He had arranged to sleep in the aircraft, which needed to be at White Waltham early the next morning, after attending a function in the RAF Mess. He may have lost track of time though, as he took off at 03:30, failed to fully open the starboard fuel cock, and crashed.
Buried Maidenhead - 21W Section D
M.403 First Officer Stanley Richard Herringshaw b. 2 Mar 1905, Erith, Kent
6 Apr 1941 to 23 Jan 1944
ed. at Elborow and Rugby
m. 1936 Myra Helen [Small], 3 children
RAFO from 1928 to 1941; Studied Engineering at Imperial College London, then an Aeronautical Draughtsman for Fairey & Co.
prev. exp. 188 hrs in 'Hart, Audax, DH87, DH Tiger Moth, Miles Hawk, Blackburn B2'
Address in 1941: 12 St Mary's Walk, Hayes, Middx. Later moved to "Ashfield", Milmer Rd, Burnham, Bucks.
Originally applied to ATA in Aug-1940 but withdrew owing to 'circumstances beyond my control', and re-applied in Mar-41.
"A keen, hardworking pilot who is progressing well, and developing into a first rate ferry pilot. Discipline Good." [Frankie Francis] He was offered a place as an instructor but turned it down as he wanted to continue ferrying, and felt he did not have the right temperament to be an instructor.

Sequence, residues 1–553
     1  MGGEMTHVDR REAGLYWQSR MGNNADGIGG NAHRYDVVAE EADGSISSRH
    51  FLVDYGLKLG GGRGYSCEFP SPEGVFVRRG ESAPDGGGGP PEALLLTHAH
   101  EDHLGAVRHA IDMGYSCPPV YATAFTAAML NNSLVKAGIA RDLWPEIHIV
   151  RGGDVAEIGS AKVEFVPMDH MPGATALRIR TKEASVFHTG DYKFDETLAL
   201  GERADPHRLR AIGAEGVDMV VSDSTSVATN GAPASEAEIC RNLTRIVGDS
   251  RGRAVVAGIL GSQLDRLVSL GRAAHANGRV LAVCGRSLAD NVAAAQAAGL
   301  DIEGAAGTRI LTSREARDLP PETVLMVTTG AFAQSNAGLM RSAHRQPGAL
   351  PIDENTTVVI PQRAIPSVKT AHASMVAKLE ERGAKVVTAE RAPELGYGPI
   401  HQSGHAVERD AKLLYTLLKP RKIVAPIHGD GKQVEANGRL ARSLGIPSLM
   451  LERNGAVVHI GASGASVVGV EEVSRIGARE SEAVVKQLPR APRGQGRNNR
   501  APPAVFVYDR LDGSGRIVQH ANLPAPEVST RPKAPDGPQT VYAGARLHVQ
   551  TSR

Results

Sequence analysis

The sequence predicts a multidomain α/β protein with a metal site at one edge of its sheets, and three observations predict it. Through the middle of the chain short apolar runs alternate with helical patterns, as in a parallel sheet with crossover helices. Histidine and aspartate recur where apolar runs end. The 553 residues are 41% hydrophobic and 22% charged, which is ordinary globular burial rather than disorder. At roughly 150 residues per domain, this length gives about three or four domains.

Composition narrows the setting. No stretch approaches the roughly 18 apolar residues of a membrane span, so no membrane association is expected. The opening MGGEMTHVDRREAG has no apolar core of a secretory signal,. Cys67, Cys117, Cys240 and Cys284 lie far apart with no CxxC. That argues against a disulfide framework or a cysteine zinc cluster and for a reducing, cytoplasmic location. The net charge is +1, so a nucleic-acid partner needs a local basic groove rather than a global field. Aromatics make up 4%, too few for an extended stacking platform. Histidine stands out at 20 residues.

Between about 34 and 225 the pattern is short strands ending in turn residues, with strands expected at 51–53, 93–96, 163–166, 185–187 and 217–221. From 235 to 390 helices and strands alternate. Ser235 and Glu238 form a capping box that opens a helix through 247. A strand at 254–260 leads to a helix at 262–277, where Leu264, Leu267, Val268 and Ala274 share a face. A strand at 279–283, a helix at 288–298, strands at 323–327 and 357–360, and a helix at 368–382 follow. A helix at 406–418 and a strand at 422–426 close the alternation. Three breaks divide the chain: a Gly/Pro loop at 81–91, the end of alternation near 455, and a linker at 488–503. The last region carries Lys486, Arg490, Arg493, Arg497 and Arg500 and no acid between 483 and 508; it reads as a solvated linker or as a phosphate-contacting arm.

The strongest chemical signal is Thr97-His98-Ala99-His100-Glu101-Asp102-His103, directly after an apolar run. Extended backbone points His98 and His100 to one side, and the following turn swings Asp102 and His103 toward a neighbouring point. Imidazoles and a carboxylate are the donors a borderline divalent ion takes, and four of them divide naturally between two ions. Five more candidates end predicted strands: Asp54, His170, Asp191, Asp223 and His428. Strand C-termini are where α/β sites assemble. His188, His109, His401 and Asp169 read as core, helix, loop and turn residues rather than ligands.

d. 23 Jan 1944 [Died in ATA Service] in Beaufort N1001 which crashed at Chobham, Surrey, after a fire in the port engine caused by a 'seizure of a wrist pin'.
Buried Maidenhead (Section D No, 16W)
Third Officer [Flight Engineer] Stanley Edwin Cooke also died.
W.49 * 3rd Officer Bridget Grace Marian Ledger Hill b. 7 May 1914, Camberley 15 Aug-41 to Mar-42
Prev. Exp: 78 hrs solo
Bridget's father was Major-General Walter Pitts Hendy Hill and they lived in Amesbury, Wilts.
She earned her RAeC Certificate in Feb 1939 in Wiltshire. That September, within a fortnight of war being declared, she wrote to Marion Wilberforce;
"I am writing to know if you have any sort of flying job to offer me. I had almost completed my instructor's course, during which I did some blind flying - this was interrupted by the outbreak of war. I do hope you can find some use for me, as I adore flying and have spent everything on my training as an instructor."
And, to back her up, her instructor wrote "I hereby certify that Miss Bridget Hill has carried out 108 hours flying, of which 78 have been solo. During her training as a pilot she has shown very good progress, and as a cross-country pilot I would place her as above average.